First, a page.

Casper Klynge has been known as the Danish Ambassador to Indonesia for the past three years, but now he is moving on to new adventures in Silicon Valley as the world’s very first Tech Ambassador.
Ambassador of Denmark to Indonesia, Casper Klynge, is a busy man these days. Tying up his work in Indonesia while at the same time getting ready for his new job, and figuring out what exactly it means to be a Tech Ambassador, or rather Ambassador of Technology and Digitalisation, means travelling back and forth between Jakarta and Silicon Valley for the Danish diplomat.
The day after the Muslim holiday Eid al-Fitr, Casper Klynge finds a little time to talk to ScandAsia about his new job and saying goodbye to Indonesia.
“I am really looking forward to starting my new job. I think it’s a great privilege to be allowed to work with a brand new policy area, and to be allowed to build something from scratch,” said Klynge.
Ties with influential companies
As a Tech Ambassador, Klynge’s job will be to promote Denmark as a digital pioneer country, help Danish companies and build and strengthen ties with large global tech companies, such as Facebook, Google, Apple, Alibaba Group and Microsoft.
Danish Minister of Foreign Affairs, Anders Samuelsen, explained that these kind of companies influence Denmark as much as other nations do, and therefor it is important to build ties with them.
“This is the very right initiative, at the right time,” said Klynge.
Klynge explains that many tech companies, including a few of the really big players, have already showed an interest in Denmark’s new move and has contacted him to learn more and wants to meet with the Tech Ambassador.
Defining the rules
Although Klynge describes the traffic in Silicon Valley to not be much better than Jakarta’s busy and overcrowded streets, the new job will definitely be quite a change for the 43-year-old diplomat.
As Ambassador of Indonesia, Klynge has worked with a broad spectre of politics; everything from foreign policy to development cooperation, working with waste, water and energy, commercial spectres in helping Danish companies and a culture program. But no matter what, there are somewhat clear lines for what you have to do. That is not how it is going to be, working in Silicon Valley.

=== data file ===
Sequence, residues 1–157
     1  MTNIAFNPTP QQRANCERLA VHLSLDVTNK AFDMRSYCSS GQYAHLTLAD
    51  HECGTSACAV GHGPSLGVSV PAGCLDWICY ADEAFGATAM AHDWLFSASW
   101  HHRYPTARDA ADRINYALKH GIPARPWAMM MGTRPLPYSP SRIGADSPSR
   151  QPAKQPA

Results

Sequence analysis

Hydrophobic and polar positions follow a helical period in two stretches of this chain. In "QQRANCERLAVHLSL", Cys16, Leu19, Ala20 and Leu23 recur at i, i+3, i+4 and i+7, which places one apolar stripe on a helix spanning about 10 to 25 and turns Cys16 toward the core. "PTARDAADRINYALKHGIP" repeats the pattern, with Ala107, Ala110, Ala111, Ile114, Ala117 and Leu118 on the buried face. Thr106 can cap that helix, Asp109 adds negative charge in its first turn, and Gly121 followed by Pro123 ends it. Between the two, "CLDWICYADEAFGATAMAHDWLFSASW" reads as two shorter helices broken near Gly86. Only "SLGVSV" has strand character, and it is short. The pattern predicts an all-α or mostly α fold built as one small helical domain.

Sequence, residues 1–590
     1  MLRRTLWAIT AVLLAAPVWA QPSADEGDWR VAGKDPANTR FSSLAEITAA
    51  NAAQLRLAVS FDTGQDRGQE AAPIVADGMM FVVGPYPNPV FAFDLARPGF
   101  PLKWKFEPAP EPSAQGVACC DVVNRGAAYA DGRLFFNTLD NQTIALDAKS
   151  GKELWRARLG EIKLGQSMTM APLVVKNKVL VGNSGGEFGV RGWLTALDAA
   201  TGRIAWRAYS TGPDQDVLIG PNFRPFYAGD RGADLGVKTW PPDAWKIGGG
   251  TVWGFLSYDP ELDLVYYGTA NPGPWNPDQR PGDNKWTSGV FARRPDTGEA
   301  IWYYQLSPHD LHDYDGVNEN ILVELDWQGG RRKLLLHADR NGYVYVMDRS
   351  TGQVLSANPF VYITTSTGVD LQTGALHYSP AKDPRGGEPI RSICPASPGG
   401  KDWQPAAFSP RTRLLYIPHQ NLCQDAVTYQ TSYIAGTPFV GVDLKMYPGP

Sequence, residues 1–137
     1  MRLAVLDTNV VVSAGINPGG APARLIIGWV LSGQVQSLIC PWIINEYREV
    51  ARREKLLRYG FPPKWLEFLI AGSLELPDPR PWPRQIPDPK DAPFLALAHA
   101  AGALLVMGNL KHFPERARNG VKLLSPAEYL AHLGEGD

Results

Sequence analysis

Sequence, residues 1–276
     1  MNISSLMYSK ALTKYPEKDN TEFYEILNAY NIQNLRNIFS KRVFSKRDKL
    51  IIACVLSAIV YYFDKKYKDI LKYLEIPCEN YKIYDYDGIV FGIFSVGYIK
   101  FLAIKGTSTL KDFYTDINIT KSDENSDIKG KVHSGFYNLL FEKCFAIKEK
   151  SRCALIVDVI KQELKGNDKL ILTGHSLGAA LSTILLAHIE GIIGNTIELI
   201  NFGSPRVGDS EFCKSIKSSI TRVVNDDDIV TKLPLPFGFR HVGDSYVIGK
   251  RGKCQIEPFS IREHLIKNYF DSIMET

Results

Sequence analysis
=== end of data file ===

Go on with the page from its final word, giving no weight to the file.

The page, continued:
“It is going to be a completely different way we have to work. It is a virgin territory in the sense that nobody has done it before. We will be part of defining the rules of the game with these companies.”
Klynge explains that he still does not have a clear answer for how it is going to work.
”I think that is also a big part of the point. This is completely new and we will have to be a ‘learning organisation’ and figure out how to make this work the best.”
Goodbye to the greatest position
Although he is making history with his new job, Klynge does admit that he is a bit sad to leave Indonesia and his work there.
“Everyone who knows me, knows that I have become very attached to Indonesia. I think it is a totally amazing country, and an incredible embassy to work for. In many ways, it is one of the best jobs in the Ministry of Foreign Affairs.”
Klynge enjoys the variety of political spectres he gets to work with in Indonesia, and that a country as small as Denmark gets to play around with the world’s fourth largest country.
There are also several projects going one, that the ambassador would love to get to finish. For example, projects on waste management and supporting a rainforest in Sumatra.
“We really have some great foreign policy tools for a country the size of Denmark. It is really something to be able to make such a big difference in a country as big as Indonesia.”